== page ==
Is there anybody out there?

Is there anybody out there?

UFOs (Unidentified Flying Objects) – now rebranded with a new moniker known as UAP (Unidentified Aerial Phenomenon) – have been spotted by American military pilots in 144 instances between 2004 to 2021. One was amusingly confirmed as a large deflating balloon, while the rest remain shrouded in mystery. The findings came in June 2021 from a nine-page “preliminary assessment” by the Office of the Director of National Intelligence, which coordinates the work of American intelligence agencies.

For decades, humans have been trying to find out if extraterrestrial (ET) life exists, or if they have made any sort of contact here on Earth.

Astronomers have also been looking up to the skies to probe for signs of ET life in the vast universe. With next-generation telescopes and space probes, scientists aim to peek into the darkness in search of exoplanets (planets that orbit other stars) that have all the conditions to possibly host life beyond our solar system. Armed with this knowledge, astrophysicists can then devise other experiments to probe for any evidence of life on other planets that might be dissimilar to those on Earth. After all, we need to keep an open mind for the sake of science – it could very well be life, as we don’t know it.

Hubble Space Telescope.

Marking its 30th anniversary in orbit last year, the iconic but elderly Hubble space telescope was revived in July 2021 by NASA technicians after being offline for over a month due to some technical glitches.

Ever since its launch, the telescope has been a gift that keeps on giving. Besides pioneering the search for exoplanets, it has also been used to figure out some of the earliest profiles of exoplanet atmospheres. Astronomers do so by using its wide-field camera to observe planets in near-infrared light, allowing them to decode the light and reveal clues to the chemical makeup of a planetary atmosphere.

Kepler Space Telescope.

Decommissioned in 2018, Kepler was instrumental in the discovery of thousands of exoplanets, and it remains credited with finding the most exoplanets of any mission so far – more than 2,600 of them. Scientists use Kepler to search for tiny dips in starlight as the exoplanets crossed the faces of their stars, known as the “transit” method.

The Transiting Exoplanet Survey Satellite (TESS), launched in 2018, picked up the baton and continued where Kepler left off, again conducting a grand survey of the sky. But TESS is definitely a far more advanced mission than that of Kepler’s – it’s designed to observe more than 85% of the sky, more than 300 times larger than what Kepler covered. Check out how the telescope decodes the universe to search for exoplanets in this video.

James Webb Space Telescope.

Slated for launch on December 22, the James Webb space telescope, also designed to be the successor of Hubble, will work hand-in-hand with TESS to uncover the mysteries of the universe.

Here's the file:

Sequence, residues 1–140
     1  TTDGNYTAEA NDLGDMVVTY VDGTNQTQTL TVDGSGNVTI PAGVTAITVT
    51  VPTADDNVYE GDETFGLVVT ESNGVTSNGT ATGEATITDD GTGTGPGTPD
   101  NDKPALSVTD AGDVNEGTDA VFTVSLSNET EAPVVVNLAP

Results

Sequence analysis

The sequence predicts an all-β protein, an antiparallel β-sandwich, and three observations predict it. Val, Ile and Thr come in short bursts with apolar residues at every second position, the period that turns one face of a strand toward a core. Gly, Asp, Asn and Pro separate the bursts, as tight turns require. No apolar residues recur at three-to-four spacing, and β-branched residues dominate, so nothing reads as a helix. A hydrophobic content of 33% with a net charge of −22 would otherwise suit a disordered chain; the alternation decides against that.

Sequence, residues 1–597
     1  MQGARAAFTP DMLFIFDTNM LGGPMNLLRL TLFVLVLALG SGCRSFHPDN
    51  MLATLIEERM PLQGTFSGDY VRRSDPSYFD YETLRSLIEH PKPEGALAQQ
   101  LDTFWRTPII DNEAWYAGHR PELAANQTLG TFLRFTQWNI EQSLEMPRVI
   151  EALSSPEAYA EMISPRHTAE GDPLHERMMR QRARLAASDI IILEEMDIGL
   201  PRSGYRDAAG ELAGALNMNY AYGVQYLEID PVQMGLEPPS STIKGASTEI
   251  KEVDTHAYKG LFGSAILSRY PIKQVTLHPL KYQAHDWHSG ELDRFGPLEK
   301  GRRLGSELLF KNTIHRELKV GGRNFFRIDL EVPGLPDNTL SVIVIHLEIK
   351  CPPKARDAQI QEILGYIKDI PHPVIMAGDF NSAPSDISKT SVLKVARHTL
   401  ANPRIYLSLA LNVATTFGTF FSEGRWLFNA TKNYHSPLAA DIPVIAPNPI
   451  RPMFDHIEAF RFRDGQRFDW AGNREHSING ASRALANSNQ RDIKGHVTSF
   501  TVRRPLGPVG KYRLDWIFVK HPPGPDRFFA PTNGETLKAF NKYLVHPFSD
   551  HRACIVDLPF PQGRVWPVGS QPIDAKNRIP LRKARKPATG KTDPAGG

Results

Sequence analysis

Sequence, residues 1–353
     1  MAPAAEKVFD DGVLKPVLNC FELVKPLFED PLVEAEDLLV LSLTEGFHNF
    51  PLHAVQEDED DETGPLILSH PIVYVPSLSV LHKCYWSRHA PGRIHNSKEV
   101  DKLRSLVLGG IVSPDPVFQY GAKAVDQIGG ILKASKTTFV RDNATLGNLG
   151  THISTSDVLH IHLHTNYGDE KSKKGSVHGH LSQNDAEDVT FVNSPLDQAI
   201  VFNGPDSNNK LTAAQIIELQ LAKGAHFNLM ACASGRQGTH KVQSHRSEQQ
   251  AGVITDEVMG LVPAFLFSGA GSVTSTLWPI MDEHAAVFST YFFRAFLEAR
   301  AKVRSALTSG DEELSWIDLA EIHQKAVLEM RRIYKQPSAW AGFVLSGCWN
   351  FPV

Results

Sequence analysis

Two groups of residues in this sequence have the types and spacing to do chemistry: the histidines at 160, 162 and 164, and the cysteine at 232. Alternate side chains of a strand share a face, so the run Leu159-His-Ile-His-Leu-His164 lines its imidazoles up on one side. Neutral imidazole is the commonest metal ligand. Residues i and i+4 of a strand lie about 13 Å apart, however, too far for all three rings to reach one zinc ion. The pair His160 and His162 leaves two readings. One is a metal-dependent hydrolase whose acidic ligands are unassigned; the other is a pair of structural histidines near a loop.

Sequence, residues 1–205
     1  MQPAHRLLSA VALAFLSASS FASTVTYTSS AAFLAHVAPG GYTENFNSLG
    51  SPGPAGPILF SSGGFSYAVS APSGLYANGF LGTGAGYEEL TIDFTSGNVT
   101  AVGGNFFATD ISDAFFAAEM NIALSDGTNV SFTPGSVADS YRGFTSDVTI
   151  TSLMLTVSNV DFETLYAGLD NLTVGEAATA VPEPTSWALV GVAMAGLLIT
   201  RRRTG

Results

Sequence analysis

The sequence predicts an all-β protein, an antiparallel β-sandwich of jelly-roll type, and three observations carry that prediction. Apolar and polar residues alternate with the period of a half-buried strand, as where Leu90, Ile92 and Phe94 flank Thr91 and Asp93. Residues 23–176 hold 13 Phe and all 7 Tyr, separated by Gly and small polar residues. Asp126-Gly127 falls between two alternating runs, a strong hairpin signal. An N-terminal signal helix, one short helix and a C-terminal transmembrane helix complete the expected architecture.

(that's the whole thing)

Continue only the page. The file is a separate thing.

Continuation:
Observing the universe in infrared light, Webb will scrutinise the overlapping observational areas made by TESS. This will enable astronomers to further explore and characterise the exoplanets detected around the stars in those regions. As a result,  highly refined measurements of planet masses, sizes, densities and atmospheric properties could be obtained, allowing astronomers to unveil the secrets of the universe one planet at a time.

Webb is highly anticipated to become the premier observatory of the decade, peering back in time to just after the Big Bang, giving us a more comprehensive understanding of the universe’s 13.7 billion-year-old history. Have a quick read on how Webb intends to achieve all that in this article!

From the ground up.

Collaborating with ground-based telescope teams is essential too. They can further confirm the observations made by space telescopes and probe deeper into the vast sea of data using powerful supercomputers.

The upcoming Square Kilometre Observatory (SKA), which was just recently approved for construction, will be able to detect extremely weak ET signals if they were to exist. For example, astrobiologists will use the SKA to search for amino acids, the building blocks of life, by identifying their spectral signatures at specific frequencies.

The SKA is so sensitive that it could detect airport-strength radar signals on planets many tens of light-years away. Perhaps one day you’d be able to tune in to Alien FM when you go on a road trip!

Are we alone in the universe?

With hundreds of exoplanets located in Goldilocks’ zones, otherwise known as habitable zones where conditions are neither too hot nor too cold to host life, it might make a little more sense to search for ET life at places familiar to us.

But with plenty of exciting science experiments on space exploration coming up, we might soon be able to answer this long-standing question that has tickled humanity’s curiosity bone for millennia: Are we alone in the universe?


Photo credits: Apostoli Rossella/Getty Images

By Mitchell Lim

Mitchell Lim is DUG's Scientific Content Architect. With a PhD in Chemical Engineering, Mitch is an expert in the fields of catalysis and ultrasonics. Full-time science geek, part-time fitness junkie, Mitch strives to deliver effective and engaging science communication, as he believes that easily digestible scientific perspectives have the potential to impact and benefit society at large.

DUG Technology